At the food price level, I believe it is important to note the lack of an adequate level of competition at the retail level has contributed to the unusually high level of food price increases experienced in Slovenia. For example, in 2007 processed food prices at the producer level increased by 8.1% on the average in the euroarea countries, excluding Slovenia. At the retail level, the average increase was only 7% which suggests that retailers did absorb part of the increase by lowering their margins. In Slovenia we experienced the opposite. Not only the retailers did not reduce their margins: retail level prices of processed food increased 50% more than than at the producer level. Although the food retail chain has been fully privatized, it should be noticed that 80% of the market is dominated by three food chains.

Inflation does pose a challenge for the economic policy. I am quite happy to report that late last night after a 13 hour session in which the government presented adjustments to the 2008 general budget that will ensure a small surplus the second year in a row. The final vote will take place tonight and there are no reasons to expect that it will not be adopted as proposed. Let me just say, that fiscal policy is not to be found among the causes of inflation in Slovenia. Yet inflation remains as one of the biggest challenges we are facing. We are working seriously on the issues of competition at the retail level of the food chain, continuing the restrictive wage and fiscal policies and trying to achor inflationary expectations. The latter, however, are not the easiest to cool down, the more so as we are faced with a heated pre-election period.

In conclusion, allow me to make a link to a remarkable anniversary we are celebrating this year, which will also be the point of discussion between Jean-Claude Juncker and Jurgen Stark immediately afterwards.

10 years ago, well before the launch of euro coins and banknotes, the euro was dubbed »An Awfully Big Adventure«, a convoluted, not so discreet way of conveying the ominous message that it was destined to die. There was considerable scepticism over how the European economies would cope with a single monetary policy, the loss of exchange-rate flexibility, and what would happen when the EU next hits a downturn. The role of the ECB itself was questioned: the scepticism of national central banks giving up parts of their sovereignty or the fact that it was understaffed (500 staff in 1998 compared to Bundesbank 20,000).

This year, during the Slovenian Presidency of the EU, the EMU and the ECB are celebrating their 10th anniversary. We strongly believe the achievements over the decades are remarkable and on this basis we can look into the future and the challenges we are facing with justifiable optimism.

Ten years after moving to the third stage of EMU marks a good opportunity to assess its achievements and reflect on its future functioning. EMU has played a key role in accelerating economic integration in Europe and making Euro area countries more resilient to shocks. Macro-economic stability has markedly improved, and the Euro has become one of the leading global currencies. However, the Euro area Member States need to continue our efforts in adapting our economies and further increasing our adjustment capacity to shocks with a view to avoiding diverging trends in competitiveness. Tackling the Euro area's common challenges in a co-ordinated manner will provide further benefits, given the expected spillovers and interactions across euro area Member States.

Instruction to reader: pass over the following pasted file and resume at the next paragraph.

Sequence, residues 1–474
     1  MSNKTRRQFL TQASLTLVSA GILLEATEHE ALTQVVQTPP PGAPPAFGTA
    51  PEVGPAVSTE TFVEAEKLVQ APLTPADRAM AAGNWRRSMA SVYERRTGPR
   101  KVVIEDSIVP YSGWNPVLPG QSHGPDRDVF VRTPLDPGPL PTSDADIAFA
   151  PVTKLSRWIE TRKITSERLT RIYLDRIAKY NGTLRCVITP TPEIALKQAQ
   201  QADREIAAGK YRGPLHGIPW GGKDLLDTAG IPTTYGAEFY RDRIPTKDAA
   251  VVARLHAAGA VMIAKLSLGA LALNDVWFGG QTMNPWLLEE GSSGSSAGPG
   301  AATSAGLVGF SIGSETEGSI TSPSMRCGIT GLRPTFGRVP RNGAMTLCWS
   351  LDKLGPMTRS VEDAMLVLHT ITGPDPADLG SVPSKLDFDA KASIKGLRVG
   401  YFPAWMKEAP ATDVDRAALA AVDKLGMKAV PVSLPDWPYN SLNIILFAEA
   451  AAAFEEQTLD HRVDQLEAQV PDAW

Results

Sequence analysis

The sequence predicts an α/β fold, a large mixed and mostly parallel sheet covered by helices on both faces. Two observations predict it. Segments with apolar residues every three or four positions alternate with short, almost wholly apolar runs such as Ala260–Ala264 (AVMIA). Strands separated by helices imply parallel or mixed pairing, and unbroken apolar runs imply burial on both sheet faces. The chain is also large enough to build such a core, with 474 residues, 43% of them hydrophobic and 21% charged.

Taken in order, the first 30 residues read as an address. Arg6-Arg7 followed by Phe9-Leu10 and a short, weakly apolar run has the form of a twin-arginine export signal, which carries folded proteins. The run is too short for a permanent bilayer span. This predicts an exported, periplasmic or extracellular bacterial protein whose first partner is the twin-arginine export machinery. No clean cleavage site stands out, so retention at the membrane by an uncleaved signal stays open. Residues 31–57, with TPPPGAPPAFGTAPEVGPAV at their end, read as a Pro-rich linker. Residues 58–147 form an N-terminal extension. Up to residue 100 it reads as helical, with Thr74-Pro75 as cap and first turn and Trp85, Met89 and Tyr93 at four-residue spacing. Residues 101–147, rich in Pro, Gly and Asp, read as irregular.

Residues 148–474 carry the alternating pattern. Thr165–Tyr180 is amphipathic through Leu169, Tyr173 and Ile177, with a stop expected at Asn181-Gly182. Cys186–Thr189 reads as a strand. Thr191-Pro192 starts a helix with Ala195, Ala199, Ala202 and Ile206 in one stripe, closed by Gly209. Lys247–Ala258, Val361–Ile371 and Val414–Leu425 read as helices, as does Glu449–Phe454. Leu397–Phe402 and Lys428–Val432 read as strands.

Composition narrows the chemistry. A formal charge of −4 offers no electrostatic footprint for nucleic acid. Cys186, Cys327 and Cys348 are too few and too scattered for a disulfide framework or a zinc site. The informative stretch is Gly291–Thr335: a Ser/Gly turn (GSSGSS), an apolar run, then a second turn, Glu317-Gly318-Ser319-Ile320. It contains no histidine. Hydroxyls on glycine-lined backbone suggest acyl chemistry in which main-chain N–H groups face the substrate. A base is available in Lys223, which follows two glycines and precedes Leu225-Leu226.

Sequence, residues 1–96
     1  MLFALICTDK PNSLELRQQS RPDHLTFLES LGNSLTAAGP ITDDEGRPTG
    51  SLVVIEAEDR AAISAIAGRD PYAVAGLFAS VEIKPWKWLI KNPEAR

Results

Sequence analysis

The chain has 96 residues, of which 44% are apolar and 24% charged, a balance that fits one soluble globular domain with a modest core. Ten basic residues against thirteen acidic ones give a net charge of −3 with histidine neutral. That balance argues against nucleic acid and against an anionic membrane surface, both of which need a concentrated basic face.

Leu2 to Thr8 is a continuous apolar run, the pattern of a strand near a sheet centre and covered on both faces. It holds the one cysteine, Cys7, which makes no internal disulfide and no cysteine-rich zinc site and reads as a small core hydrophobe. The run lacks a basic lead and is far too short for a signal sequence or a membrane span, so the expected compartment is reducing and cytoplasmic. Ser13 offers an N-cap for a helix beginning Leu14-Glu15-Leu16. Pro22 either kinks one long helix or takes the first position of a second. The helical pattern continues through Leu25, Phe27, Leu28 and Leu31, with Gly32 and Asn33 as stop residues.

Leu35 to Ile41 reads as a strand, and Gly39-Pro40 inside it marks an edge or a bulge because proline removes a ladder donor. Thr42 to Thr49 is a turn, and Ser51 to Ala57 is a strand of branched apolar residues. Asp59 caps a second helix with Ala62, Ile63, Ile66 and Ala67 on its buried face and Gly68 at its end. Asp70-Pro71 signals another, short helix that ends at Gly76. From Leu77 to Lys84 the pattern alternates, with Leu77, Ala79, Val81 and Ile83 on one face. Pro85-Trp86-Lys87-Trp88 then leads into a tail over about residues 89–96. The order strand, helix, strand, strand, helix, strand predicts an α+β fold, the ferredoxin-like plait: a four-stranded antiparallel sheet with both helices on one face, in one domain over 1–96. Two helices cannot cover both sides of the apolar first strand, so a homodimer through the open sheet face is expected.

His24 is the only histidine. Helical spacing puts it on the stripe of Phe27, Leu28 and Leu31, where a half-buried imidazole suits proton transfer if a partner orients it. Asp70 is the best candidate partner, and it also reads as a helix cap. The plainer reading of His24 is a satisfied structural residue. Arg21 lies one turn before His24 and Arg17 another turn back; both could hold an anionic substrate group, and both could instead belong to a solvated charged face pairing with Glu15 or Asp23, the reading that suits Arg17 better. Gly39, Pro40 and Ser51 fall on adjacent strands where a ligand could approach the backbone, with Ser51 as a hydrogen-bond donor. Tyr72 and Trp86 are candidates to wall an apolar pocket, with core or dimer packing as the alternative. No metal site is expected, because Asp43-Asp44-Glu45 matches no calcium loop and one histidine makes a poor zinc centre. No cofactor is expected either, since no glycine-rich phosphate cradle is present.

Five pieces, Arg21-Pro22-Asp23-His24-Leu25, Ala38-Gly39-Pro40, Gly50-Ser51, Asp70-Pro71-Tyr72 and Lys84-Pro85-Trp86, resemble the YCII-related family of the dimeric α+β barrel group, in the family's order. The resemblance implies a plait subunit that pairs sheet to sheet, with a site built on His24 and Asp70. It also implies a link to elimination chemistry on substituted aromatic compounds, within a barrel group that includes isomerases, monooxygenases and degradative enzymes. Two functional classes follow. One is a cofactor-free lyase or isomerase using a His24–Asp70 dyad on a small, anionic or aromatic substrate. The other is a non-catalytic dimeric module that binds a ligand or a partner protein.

As far as the more specific Slovenian euro adoption story is concerned, other countries that are at the preparatory stage may find usefull to consider the following conclusions:

  • when looking at the Slovenian model, understand the specific features which facilitated the changeover in Slovenia;
  • as early as possible, convey the message about the extent to which a euro project involves all aspects of an organisation's activity and every type of entity, particularly all government departments;
  • give the changeover team clear backing from the highest levels of government, appoint the best project managers, and ensure as much stability as possible to the whole project team;
  • as early as possible, provide as much legal certainty on the details associated with introduction of the euro,
  • pay particular attention to communication on price issues, in particular on communicating the reasons for price increases of specific items, and on good practices, such as fair-pricing agreements and the like.
  • Last but not least, anlyze the level of competition at the different segments of the market.

Slovenia's changeover from our tolar to euro was a swift and smooth operation. The fact that Slovenians were already familiar with next door neighbour currency also contributed to a rapid changeover process.

Today's discussions will certainly highlight the benefits that the euro has made possible in the past, but they will also highlight those areas where further efforts are needed to ensure the smooth functioning of the single currency. Nevertheless, one thing is certain; the enlargement of the euro area will increase the benefits of the single currency for all and such a policy certainly has and will continue to have Slovenia's full support.

Thank you!


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Date: 30.05.2008